I was a college sophomore. I was dating the woman I would eventually marry. I had only met one of the large handful of people who would help me build my first career. My life was completely different.
The seeds of a success today were planted in that completely different life.
If you really want your money to have an impact on your life, you shouldn’t start with the investments.
The first thing you should do when you have some money to set aside for the future is to assess your goals. What do you want out of your life? What are your dreams? Your hopes for the future?
If things were to fall reasonably well, where would you really like your life to be next year? In five years? Ten years? Twenty years? When you’re 65? Those are the questions that should underline how you handle much of your money (outside of your basic bills).
Sure, we do spend some of our money for today, but spending all of your money for today means that you’re ensuring your tomorrow won’t be much better than today.
So, how do you most effectively turn that little bit of extra money today into the better life that you want tomorrow? There are lots of ways to do that – and they aren’t all found on the pages of a financial magazine.
Do you want a better – or at least different – career? The best way to get there is through education, and the best way to prepare for that is by putting your money into a 529 college savings plan for yourself for a few years, then making that leap.
What if you want something that doesn’t seem as directly related to finances, such as better physical fitness? That requires an investment of time and energy, not so much finances. Those are investments, too.
What if you want freedom from debt so that you don’t have the monthly bill stress and your boss doesn’t have as much power over you? That requires an investment, but it’s in the form of living lean and making extra debt payments.
In each case, the first little step you make doesn’t make a big difference. One day of exercise does not change your fitness level. One extra debt payment doesn’t rock your debt situation. A small amount in a 529 does not alone make for a new career.
Much like with compound interest, it’s the continuous steps that begin to build on themselves. Exercise several times a week and it becomes easier and more rewarding. Make an extra debt payment every month and the debt begins to melt faster and faster. Regular money in a 529 starts to build on itself, turning a dream of a new career into reality.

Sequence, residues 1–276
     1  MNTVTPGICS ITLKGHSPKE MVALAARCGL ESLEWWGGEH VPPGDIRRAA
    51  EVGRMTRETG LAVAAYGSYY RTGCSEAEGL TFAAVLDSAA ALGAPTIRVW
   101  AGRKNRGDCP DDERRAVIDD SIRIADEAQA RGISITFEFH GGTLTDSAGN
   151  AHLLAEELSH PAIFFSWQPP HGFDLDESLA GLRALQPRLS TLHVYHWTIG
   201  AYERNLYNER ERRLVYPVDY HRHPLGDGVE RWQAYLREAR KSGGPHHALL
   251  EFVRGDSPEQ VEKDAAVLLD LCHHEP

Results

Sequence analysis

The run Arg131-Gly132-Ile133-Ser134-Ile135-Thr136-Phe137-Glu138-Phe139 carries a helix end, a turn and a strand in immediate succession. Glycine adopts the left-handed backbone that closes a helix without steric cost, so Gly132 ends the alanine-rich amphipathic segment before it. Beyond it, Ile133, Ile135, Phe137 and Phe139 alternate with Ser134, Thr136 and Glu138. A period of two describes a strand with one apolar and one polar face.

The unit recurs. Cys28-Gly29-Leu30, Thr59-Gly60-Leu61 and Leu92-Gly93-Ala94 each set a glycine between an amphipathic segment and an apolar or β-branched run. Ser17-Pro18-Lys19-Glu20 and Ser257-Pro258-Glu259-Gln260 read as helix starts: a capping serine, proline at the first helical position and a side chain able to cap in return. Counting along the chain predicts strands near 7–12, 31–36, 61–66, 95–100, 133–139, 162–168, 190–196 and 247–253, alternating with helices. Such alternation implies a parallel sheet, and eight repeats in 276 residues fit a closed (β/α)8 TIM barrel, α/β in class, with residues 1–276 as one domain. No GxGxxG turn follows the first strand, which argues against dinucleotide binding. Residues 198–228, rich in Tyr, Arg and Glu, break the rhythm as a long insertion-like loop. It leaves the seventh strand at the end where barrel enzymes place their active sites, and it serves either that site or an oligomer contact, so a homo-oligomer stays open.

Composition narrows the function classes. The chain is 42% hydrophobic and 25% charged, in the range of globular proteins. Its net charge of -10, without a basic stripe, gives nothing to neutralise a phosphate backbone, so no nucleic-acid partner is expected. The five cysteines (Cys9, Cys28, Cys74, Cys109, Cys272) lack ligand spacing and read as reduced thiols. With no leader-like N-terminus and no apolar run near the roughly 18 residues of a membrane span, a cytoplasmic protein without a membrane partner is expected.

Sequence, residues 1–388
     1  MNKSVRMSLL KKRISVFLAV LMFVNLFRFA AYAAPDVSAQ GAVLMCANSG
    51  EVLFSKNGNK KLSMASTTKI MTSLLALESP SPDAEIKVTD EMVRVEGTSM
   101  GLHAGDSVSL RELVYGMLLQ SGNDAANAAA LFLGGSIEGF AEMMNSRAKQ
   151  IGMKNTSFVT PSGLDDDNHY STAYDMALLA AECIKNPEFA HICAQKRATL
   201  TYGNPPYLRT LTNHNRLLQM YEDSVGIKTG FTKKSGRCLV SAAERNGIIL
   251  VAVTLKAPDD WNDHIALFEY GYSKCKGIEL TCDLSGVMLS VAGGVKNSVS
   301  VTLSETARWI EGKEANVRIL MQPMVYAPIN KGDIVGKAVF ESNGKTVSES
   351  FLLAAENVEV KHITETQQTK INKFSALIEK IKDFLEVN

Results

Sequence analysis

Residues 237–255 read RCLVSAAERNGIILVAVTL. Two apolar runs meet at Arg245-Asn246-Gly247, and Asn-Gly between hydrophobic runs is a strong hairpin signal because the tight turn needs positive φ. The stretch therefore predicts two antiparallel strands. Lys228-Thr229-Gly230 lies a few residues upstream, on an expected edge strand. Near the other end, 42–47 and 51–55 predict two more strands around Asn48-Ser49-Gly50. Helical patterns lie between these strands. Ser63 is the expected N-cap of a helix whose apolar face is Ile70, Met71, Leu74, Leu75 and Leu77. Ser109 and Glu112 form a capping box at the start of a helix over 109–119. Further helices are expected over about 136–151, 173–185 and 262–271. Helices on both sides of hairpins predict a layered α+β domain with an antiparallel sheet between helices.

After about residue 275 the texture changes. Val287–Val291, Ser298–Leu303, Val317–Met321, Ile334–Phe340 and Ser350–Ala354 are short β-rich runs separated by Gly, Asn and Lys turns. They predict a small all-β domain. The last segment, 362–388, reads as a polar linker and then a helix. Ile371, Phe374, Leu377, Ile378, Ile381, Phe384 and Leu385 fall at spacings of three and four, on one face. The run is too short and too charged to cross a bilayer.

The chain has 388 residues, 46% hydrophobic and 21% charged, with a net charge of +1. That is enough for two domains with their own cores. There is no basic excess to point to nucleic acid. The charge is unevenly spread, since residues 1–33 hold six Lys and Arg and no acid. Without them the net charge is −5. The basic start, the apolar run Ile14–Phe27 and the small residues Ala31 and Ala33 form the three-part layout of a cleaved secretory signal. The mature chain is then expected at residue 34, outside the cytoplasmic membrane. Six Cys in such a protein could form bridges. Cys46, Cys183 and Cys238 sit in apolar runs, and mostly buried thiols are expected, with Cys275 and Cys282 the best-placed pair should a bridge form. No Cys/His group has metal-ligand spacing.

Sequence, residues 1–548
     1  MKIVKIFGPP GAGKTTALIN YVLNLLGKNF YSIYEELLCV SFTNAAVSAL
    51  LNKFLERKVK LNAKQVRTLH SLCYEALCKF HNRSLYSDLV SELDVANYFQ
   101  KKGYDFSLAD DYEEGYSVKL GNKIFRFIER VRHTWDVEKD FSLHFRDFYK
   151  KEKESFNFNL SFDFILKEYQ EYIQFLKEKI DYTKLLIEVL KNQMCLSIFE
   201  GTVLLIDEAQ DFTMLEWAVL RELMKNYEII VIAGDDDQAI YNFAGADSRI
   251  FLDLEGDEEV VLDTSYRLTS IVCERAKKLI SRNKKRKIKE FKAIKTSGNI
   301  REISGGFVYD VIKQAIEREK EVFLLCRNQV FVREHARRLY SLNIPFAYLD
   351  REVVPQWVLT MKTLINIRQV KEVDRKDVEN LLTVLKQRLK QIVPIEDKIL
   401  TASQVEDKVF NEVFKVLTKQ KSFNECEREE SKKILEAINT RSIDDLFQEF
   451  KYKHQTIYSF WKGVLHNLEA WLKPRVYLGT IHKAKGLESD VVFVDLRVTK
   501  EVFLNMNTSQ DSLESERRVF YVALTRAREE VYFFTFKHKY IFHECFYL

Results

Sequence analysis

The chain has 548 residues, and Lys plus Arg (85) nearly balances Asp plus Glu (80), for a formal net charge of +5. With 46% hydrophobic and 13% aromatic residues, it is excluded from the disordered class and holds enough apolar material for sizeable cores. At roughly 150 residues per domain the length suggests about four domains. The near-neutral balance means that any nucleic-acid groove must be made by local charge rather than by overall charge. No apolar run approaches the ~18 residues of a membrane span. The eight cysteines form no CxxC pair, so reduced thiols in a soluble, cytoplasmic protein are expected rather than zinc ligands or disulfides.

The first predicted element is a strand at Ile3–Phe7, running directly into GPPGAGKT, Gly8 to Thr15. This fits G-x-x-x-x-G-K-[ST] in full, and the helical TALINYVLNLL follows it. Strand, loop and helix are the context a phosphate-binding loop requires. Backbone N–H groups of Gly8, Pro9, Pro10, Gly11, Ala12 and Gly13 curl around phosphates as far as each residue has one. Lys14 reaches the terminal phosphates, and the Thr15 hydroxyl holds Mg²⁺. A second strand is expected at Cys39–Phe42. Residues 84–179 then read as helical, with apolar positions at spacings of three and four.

You can build the life you want. You just have to figure out what you want, then take steps every day to make that life happen, whether it’s a money step, an energy step, a time commitment step, or something else. The more steps you take, the easier they become and the more your efforts begin to reap rewards beyond what you expected.
Almost every success you have in life is an investment. Almost every success in life builds on the little steps you’ve put into it, growing beyond what you ever expected from them. A dollar in savings every day, a half hour practicing a skill every day, an energy-burning workout every day.
It all starts with the commitment to take those little steps and see a very small reward from those steps at first. Do it over and over again and those successes begin to compound. Stick with it and that investment begins to pay off in ways that change your life.
My parents and Sarah’s parents are roughly the same age. Their retirement-age experieces are much different than each other.
My parents are both retired in the traditional sense. They have a limited fixed income made up of Social Security and some pension money. Their house and vehicles are long since paid for, and since their house is relatively small and older, insurance and property taxes are low.